Short Sale, Foreclosure and Strategic Default

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Thursday, January 6, 2011

HAFA Govt Scam, so far, but could get better

Although we have closed 2 HAFA short sales, the program is torture for any anyone who cares about their time, their schedule, their sellers or their buyers. 

Now we have proof see the article below.  There have only been 661 closed HAFA short sales in the country.

My speculation is this...
The govt has been complicit with the FED and the banks... who are the shareholders in the FED.
They new if all these upside down homeowers let their properties go at once real estate prices would get so low even the found could not bail out their insolvent banker friends. 

So they created these loan mod and short sale programs to slow down the supply of real estate hitting the market. 

1. Create big funnel
2. Only let the most persistent and most organized out the other end with a loan mod or short sale. 

We know about 5% of applicants actually got real loan modifications. 
And, we know on average Realtors only close 25% of their short sales. 
Now we know that all those Realtors claiming to be HAFA short sale experts, have probably not even closed a HAFA short sale. 
 

The moral of the story is.  If you are upside down... make sure you work with someone who can prove they have the systems in place to short sale approvals on terms you find acceptable.  There are many so self proclaimed short sale and HAFA experts... just ask them to show you HAFA approvals and closings.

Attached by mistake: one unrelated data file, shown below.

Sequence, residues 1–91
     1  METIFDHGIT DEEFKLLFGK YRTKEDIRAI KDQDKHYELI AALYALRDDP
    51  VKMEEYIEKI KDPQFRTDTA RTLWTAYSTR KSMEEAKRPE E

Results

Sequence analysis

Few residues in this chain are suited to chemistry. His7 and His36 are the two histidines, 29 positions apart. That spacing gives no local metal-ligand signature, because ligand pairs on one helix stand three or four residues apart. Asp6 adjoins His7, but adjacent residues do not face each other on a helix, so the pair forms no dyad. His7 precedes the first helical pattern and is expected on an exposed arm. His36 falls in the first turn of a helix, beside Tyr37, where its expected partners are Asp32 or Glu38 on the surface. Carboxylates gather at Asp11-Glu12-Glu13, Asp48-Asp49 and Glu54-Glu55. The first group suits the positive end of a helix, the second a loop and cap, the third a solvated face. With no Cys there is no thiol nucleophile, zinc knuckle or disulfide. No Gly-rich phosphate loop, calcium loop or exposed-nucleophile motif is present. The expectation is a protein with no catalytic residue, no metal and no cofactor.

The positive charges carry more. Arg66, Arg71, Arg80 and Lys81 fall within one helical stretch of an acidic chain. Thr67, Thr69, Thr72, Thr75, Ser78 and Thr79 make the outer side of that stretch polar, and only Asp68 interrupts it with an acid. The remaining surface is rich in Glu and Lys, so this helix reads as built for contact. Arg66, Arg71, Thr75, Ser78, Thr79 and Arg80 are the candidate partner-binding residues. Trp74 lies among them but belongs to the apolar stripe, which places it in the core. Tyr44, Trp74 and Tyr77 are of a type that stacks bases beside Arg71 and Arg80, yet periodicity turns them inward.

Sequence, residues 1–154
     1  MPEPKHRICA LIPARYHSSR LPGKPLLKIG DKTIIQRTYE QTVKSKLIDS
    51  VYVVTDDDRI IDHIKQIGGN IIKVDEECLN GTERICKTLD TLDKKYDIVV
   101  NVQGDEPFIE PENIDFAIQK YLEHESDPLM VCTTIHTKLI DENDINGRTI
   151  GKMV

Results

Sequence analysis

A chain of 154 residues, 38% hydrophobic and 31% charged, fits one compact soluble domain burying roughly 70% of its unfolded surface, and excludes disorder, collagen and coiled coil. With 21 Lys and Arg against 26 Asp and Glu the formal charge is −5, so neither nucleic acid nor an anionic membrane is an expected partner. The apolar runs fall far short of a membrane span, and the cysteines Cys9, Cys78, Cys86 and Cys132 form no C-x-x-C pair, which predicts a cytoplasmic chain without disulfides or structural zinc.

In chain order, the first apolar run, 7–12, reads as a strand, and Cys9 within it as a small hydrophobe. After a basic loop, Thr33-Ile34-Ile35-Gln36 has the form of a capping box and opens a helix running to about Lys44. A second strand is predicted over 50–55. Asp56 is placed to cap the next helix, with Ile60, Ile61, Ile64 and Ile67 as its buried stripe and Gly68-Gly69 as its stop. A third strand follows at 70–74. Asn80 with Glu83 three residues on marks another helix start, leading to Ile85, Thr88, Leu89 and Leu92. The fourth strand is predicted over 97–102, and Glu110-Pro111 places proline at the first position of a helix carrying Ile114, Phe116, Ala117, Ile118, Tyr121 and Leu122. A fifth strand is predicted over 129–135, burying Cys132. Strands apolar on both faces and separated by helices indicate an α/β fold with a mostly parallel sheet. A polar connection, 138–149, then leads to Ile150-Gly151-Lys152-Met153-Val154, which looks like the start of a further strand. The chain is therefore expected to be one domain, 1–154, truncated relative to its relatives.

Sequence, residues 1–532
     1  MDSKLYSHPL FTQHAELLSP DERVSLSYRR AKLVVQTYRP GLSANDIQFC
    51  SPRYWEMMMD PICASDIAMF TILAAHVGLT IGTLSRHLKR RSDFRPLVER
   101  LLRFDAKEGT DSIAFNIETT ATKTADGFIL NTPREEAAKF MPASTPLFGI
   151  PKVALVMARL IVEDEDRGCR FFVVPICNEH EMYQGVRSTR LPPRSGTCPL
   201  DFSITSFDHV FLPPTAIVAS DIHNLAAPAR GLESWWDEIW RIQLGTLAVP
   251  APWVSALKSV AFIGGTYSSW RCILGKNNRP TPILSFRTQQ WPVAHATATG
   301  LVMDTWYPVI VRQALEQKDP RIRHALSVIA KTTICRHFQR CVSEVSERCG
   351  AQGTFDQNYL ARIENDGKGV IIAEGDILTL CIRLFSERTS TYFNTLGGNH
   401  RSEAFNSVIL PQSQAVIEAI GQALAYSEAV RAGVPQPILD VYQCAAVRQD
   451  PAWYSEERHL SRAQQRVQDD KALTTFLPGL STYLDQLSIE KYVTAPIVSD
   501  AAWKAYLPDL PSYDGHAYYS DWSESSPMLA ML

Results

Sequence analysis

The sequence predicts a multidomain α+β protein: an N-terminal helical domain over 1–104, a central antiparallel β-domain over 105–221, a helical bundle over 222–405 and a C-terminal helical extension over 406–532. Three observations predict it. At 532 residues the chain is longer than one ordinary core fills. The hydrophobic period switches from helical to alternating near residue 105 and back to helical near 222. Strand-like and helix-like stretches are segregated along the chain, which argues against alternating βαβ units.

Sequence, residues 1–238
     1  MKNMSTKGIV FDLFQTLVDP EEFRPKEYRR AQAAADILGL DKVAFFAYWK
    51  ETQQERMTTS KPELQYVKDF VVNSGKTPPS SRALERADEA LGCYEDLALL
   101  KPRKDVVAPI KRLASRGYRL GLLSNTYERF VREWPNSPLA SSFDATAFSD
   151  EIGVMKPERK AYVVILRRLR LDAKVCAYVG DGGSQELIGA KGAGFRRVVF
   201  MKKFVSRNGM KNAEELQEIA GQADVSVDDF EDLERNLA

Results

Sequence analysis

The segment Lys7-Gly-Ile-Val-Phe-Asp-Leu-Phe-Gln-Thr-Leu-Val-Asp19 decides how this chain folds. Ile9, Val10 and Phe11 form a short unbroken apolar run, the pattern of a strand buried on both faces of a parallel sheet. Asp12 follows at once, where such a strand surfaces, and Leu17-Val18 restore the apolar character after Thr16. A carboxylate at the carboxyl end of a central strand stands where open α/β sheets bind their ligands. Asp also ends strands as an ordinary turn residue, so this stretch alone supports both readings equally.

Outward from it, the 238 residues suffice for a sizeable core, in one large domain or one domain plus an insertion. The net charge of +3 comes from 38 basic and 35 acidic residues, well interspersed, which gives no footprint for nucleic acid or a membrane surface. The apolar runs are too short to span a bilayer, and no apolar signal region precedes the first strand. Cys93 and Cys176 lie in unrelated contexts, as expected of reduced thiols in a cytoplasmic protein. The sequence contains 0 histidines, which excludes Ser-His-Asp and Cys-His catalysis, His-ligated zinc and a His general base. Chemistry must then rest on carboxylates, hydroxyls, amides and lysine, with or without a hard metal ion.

Don't fall for the government or real estate industry "expert" designations.  Only work with people who document results.

And most importantly have an asset protection plan in place before you begin your loan workout.  You must have a backup plan because you plan A might not work.   


HAMP « HousingWire
The Treasury Department took action in December eliminating some rules it said have held back short sales through the Home Affordable Foreclosure Alternatives program.

HAFA was launched in April 2010 to provide an incentive to servicers and investors for pursuing short sales and deeds-in-lieu of foreclosure. The program was designed for homeowners who fell out of the Treasury's Home Affordable Modification Program and was touted as a new standard for short sales.

But both HAFA and HAMP have struggled. The Treasury has spent only $4.3 million through HAFA, inducing roughly 661 short sales since the program launched, according to the Congressional Oversight Panel, the Troubled Asset Relief Program watchdog.


1 comment:

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